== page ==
(Following is portion of a “TED-Talk” presentation by Jackson Katz, filmed in November of 2012 and posted May of 2013 http://www.youtube.com/watch?v=ElJxUVJ8blw. In this clip he refers to the work of feminist linguist Julia Penelope.  It starts with a very Basic English sentence: John beat Mary.  John is the subject, beat is the verb and Mary is the object.  (That’s a good English sentence).  Now move to the second sentence, which says the same thing in the passive voice, “Mary was beaten by John”.  We've shifted our focus in one sentence from John to Mary (John the end of the sentence (and close to dropping off the map of our psychic plain).  The third sentence, “John is dropped and we now have, Mary was beaten”.  Now it is all about Mary.  We are no longer taking about John and his behavior we are totally focused on Mary.

Maybe our prevention movement needs to show less of the violence and more of the behavior we want to emulate?  Do we at some point reduce telling the story of abuse and violence and start telling the story of peace and love?  Do we replace those visuals of violent behavior with visions of fairness and equality? Do we replace the shouts and screams with voices of tenderness and compassion and use the words we want the world to hear? What are the images we might use to change the pictures in our heads of violence and replace them with pictures of peace?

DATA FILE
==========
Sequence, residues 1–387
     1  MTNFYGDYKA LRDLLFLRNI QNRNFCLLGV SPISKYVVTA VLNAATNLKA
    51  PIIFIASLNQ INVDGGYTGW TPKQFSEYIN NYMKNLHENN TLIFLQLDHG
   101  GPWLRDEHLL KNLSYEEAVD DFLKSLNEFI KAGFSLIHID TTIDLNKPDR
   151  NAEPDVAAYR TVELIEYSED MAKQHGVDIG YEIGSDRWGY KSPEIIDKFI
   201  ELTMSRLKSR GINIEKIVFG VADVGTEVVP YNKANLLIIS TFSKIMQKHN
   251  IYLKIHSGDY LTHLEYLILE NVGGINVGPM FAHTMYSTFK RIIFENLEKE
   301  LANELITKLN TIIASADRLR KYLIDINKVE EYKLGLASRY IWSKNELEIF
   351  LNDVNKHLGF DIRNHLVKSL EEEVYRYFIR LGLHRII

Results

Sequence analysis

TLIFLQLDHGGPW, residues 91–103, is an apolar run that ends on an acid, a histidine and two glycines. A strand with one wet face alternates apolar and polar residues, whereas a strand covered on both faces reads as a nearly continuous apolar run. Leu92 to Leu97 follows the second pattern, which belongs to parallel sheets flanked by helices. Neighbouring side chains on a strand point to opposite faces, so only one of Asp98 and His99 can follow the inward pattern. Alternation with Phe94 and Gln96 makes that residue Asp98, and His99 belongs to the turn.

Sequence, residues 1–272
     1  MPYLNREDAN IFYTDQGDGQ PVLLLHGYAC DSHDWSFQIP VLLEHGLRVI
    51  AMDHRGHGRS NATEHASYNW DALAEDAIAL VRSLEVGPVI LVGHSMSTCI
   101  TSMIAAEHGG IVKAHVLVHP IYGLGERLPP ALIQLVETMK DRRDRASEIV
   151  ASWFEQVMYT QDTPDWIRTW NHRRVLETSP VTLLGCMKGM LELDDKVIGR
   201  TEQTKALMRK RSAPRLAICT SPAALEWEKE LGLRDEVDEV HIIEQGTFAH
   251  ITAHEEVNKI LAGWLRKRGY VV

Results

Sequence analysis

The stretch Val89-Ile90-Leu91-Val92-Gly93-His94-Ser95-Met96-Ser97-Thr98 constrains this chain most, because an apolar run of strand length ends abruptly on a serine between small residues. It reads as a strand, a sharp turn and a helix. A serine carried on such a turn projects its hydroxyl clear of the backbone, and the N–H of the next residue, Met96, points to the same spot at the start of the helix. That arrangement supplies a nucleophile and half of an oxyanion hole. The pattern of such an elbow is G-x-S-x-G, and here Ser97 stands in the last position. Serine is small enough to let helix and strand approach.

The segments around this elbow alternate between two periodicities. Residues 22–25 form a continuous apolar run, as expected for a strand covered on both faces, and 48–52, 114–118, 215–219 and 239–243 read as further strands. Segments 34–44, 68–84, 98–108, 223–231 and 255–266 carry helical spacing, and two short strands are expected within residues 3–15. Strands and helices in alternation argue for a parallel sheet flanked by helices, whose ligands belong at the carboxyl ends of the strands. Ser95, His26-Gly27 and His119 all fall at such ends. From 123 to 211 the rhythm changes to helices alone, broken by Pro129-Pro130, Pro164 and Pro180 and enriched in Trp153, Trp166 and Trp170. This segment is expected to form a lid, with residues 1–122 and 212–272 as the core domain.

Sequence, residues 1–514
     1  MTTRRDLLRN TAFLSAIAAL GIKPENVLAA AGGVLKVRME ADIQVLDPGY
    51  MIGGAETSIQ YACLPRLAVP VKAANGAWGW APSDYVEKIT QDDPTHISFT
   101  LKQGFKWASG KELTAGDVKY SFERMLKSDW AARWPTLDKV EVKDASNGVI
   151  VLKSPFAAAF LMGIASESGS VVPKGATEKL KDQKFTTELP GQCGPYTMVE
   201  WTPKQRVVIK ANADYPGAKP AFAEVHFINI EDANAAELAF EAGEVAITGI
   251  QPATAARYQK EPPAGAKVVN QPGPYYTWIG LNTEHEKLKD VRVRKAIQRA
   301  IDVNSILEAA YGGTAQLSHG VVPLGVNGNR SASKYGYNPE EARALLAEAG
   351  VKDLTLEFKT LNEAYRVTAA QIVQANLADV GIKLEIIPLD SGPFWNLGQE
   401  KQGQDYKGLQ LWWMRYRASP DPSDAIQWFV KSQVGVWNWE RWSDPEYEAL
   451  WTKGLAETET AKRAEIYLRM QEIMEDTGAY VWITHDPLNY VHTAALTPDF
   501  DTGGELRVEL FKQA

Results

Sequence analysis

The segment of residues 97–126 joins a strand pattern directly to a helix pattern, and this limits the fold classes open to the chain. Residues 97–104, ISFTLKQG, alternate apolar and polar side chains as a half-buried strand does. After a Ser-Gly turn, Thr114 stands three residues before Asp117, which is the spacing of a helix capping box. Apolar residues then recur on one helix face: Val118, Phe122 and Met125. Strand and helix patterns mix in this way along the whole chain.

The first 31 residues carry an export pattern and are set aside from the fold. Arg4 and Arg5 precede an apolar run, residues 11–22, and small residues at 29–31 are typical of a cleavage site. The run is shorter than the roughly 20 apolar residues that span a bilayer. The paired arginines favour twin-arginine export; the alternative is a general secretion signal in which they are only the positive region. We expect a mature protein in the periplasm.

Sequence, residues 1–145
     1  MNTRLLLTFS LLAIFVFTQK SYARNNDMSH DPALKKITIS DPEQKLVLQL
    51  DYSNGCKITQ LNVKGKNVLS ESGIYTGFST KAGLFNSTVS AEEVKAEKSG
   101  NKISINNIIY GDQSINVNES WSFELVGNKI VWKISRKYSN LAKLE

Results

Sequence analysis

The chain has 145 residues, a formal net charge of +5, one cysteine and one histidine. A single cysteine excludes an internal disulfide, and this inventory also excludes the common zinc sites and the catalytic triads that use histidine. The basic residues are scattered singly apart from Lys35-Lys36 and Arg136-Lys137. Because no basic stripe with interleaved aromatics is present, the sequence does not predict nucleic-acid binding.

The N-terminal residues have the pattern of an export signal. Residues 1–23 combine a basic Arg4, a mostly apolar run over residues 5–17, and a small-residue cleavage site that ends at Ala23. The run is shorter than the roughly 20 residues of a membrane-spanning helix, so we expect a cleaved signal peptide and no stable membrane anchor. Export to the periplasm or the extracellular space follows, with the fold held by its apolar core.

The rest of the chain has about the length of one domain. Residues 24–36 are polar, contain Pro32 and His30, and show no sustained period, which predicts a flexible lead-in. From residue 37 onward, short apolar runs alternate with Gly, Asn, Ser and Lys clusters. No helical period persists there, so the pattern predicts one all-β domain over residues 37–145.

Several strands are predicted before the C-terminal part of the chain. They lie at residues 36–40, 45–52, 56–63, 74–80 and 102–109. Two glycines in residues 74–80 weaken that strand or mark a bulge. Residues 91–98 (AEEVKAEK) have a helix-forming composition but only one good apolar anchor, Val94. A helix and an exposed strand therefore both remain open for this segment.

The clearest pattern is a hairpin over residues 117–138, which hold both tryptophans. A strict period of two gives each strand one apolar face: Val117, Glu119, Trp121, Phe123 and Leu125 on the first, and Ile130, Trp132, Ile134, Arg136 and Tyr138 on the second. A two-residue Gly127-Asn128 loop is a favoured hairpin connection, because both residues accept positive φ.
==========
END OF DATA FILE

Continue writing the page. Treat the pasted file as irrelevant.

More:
This all requires a new way of thinking about a very old problem.  As Jackson Katz so effectively tells us, this is not a women’s issue this is a men’s issue and we need more men standing up and saying violence is not okay.

My closing thoughts;  will you be part of the problem or a part of the solution? Will you speak up to carry the message of peace?  Will you assist in a safe and effective way when seeing violence in your neighborhoods? Will you be part of the "NO MORE" campaign?